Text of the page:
President TrumpDonald John TrumpSenate panel seeks documents in probe of DHS whistleblower complaint Susan Collins: Trump ‘should have been straightforward’ on COVID-19 Longtime House parliamentarian to step down MORE on took aim at Nevada Gov. Steve SisolakSteve SisolakTrump campaign to press ahead with Nevada events after venues pull out More than 500 visitors to Nevada have tested positive for COVID-19 since June: officials Trump campaign sues three Iowa counties over absentee mailings MORE (D) during a campaign rally Saturday night, accusing the state leader and other Democrats of using mail-in voting to “rig” the upcoming November election.
Trump began his rally in Minden, Nev., on Saturday night taking aim at Sisolak, saying that the governor tried to prevent his campaign from holding the event.
“You know the governor of your state,” Trump said before pausing to a chorus of boos, “tried very hard to stop us from having this event tonight.”
“He tried to stop us. He tried to stop us. The governor of Nevada. He tried to stop us and we went to different venues,” Trump said.
The president went on to claim that Sisolak called different venues to prevent the rally from taking place.
“Here’s a guy calling venues telling them not to have the rally. Calling different venues, don’t have the rally…”
A spokesperson for the governorsaid they did not have communication with campaign organizers, but the event did violate public health guidelines limiting gatherings to no more than 50 people.
The remarks come following the news on Wednesday that the venues scheduled to hold Trump campaign events in the state had pulled out due to coronavirus restrictions on gatherings.
Sisolak issued a May directive limiting gatherings to 50 people or fewer to stem the spread of the virus.
Trump then took aim at Democrats in general, saying they were trying to “rig the election.”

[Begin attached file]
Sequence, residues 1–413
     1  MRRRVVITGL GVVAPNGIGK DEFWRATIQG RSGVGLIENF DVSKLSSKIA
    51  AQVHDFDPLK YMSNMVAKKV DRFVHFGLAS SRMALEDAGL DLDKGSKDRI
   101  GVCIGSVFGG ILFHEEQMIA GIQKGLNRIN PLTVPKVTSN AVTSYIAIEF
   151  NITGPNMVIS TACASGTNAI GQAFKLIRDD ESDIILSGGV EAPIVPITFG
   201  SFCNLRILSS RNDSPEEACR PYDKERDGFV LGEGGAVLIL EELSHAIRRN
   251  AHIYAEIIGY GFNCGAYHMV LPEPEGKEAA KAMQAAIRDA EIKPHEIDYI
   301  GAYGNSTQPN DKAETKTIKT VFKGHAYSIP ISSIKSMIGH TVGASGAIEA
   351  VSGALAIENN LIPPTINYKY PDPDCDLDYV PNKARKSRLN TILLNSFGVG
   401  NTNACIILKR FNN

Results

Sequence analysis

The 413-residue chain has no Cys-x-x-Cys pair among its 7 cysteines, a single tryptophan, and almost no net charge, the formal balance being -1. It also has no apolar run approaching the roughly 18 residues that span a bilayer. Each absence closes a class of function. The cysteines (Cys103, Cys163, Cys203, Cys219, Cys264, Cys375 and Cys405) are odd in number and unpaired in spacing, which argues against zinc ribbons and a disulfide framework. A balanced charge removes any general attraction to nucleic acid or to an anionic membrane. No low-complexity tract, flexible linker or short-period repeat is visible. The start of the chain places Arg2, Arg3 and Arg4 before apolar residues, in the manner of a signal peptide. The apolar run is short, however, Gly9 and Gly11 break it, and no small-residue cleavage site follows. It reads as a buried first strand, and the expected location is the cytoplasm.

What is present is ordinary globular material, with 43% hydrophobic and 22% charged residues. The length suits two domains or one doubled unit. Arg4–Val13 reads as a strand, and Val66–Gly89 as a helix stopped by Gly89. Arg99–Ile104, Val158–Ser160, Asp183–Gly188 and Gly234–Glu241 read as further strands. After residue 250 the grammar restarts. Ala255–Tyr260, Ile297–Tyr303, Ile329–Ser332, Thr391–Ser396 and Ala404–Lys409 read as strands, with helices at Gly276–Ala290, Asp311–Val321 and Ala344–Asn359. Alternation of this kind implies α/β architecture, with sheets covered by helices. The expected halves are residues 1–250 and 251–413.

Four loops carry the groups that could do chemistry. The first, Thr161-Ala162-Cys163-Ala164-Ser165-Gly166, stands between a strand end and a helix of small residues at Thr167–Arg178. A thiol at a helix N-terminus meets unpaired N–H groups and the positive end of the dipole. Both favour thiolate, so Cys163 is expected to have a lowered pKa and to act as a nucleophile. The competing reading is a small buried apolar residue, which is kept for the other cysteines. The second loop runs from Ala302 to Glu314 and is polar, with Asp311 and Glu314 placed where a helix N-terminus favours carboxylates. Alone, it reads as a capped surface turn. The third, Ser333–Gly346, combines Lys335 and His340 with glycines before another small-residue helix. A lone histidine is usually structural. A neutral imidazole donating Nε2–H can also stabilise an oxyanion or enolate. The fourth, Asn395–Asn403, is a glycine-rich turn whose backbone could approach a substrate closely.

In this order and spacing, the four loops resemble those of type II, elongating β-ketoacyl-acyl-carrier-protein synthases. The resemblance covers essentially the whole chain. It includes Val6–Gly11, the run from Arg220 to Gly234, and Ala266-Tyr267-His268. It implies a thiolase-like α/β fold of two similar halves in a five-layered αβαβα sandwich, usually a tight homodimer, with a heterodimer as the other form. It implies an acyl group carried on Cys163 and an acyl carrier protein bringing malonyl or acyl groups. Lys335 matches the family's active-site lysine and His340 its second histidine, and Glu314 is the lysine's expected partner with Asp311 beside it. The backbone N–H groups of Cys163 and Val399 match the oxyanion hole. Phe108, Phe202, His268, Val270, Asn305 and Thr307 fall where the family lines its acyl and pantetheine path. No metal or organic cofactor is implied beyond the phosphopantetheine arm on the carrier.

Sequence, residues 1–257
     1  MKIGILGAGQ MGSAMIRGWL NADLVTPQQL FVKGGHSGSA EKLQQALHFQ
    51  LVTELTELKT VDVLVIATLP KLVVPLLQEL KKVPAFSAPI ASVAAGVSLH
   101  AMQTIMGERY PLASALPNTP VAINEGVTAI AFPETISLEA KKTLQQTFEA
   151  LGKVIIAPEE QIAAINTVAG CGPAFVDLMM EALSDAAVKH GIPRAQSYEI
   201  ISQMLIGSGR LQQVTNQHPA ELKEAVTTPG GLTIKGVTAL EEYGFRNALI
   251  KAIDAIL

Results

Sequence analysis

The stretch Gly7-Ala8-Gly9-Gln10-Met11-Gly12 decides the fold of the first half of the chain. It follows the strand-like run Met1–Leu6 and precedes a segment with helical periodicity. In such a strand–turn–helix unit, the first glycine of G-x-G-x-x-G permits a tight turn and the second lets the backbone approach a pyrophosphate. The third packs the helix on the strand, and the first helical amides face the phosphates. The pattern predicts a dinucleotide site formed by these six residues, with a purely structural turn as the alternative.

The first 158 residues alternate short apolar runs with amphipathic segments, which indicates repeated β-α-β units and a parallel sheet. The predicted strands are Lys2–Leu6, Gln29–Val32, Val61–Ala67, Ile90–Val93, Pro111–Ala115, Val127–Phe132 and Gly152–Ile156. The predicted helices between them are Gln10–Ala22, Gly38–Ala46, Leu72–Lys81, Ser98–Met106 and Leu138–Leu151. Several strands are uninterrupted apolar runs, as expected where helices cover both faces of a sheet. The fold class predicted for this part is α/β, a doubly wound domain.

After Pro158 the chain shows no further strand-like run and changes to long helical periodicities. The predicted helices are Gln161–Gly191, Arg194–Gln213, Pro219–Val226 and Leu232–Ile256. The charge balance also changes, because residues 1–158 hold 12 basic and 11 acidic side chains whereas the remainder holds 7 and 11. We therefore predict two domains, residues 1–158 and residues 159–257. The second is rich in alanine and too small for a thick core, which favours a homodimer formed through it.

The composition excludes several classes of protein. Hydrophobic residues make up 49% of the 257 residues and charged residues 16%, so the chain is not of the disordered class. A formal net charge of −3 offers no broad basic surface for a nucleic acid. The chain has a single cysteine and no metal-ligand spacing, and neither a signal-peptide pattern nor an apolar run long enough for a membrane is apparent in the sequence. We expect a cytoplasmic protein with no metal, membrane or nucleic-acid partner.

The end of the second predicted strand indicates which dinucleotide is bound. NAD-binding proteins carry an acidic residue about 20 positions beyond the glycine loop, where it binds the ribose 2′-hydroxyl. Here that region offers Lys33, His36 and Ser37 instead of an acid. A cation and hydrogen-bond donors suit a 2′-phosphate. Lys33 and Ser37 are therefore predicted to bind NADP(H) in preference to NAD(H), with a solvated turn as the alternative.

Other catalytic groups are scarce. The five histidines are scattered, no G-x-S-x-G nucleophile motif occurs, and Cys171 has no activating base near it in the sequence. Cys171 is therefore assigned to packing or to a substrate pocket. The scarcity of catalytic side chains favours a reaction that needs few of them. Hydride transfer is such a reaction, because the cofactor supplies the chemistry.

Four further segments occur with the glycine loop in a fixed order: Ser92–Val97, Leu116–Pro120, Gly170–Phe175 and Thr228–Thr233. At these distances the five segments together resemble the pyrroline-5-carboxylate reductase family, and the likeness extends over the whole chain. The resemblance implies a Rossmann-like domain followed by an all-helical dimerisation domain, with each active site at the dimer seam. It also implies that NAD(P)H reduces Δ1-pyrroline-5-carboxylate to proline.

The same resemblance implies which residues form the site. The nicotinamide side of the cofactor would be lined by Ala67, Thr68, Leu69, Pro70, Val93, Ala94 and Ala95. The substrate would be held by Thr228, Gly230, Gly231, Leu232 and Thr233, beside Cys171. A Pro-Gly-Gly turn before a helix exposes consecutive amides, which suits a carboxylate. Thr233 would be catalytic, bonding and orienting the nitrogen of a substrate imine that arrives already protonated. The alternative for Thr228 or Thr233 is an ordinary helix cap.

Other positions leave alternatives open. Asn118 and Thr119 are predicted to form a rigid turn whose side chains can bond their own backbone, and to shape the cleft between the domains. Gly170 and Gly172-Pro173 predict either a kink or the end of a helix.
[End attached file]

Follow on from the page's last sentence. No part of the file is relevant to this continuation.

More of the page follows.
“The Democrats are trying to rig this election because that’s the only way they’re going to win,” the president said to a large, predominantly maskless crowd.
Since the beginning of the pandemic, Democrats have advocated for mail-in voting amid concerns about COVID-19.
“Let’s face it: Joe is shot. He doesn’t know what’s happening. He’ll be locked up in a room someplace and the radical left will be running everything,” the president continued, referencing his Democratic challenger, former Vice President Joe BidenJoe BidenPhotographer breaches Biden’s security perimeter Nonprofit 9/11 Day bashes Trump for airing political ads on Sept. 11 anniversary Hillicon Valley: Dems seek to expand DHS probe after whistleblower complaint | DHS rejects House subpoena for Wolf to testify | Facebook rolls out new features for college students MORE.
Trump maintained that the only way that he would be tied with the former vice president in Nevada “is if they screw around with the ballots, which they will do in my opinion.”
The salvos launched at Democrats and mail-in voting is nothing new for Trump. On multiple occasions including recent rallies, the president has slammed voting by mail, claiming that the practice opens up the elections to widespread voter fraud. However, there is no substantial evidence to suggest that mail-in voting leads to voter fraud.
The president also asserted that in Nevada“you don’t have to have an authorized signature” on mail-in ballots. According to the Nevada Secretary of State’s office, ballots are rejected if the signatures on them do not match the signature on file.
The Trump campaign has filed a lawsuit against Nevada over a bill Sisolak signed this year aimed at expanding mail-in voting before the November elections.
“He’s in control of millions of votes,” Trump said of Sisolak on Saturday…This is the guy that we’re trusting with millions of ballots, unsolicited ballots.”
Elections are typically run by secretaries of state, not governors.
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